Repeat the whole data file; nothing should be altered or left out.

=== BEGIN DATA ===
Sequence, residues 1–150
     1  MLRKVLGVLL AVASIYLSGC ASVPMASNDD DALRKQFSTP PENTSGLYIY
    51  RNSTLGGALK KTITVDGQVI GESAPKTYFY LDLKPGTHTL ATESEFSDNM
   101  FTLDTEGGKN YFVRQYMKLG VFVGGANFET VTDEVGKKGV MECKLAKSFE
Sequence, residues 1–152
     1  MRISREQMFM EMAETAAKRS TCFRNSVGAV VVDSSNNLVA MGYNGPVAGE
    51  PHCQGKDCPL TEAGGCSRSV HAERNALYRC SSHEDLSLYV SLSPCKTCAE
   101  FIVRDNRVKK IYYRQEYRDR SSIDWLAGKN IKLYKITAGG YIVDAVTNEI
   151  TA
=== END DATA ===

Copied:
Sequence, residues 1–150
     1  MLRKVLGVLL AVASIYLSGC ASVPMASNDD DALRKQFSTP PENTSGLYIY
    51  RNSTLGGALK KTITVDGQVI GESAPKTYFY LDLKPGTHTL ATESEFSDNM
   101  FTLDTEGGKN YFVRQYMKLG VFVGGANFET VTDEVGKKGV MECKLAKSFE
Sequence, residues 1–152
     1  MRISREQMFM EMAETAAKRS TCFRNSVGAV VVDSSNNLVA MGYNGPVAGE
    51  PHCQGKDCPL TEAGGCSRSV HAERNALYRC SSHEDLSLYV SLSPCKTCAE
   101  FIVRDNRVKK IYYRQEYRDR SSIDWLAGKN IKLYKITAGG YIVDAVTNEI
   151  TA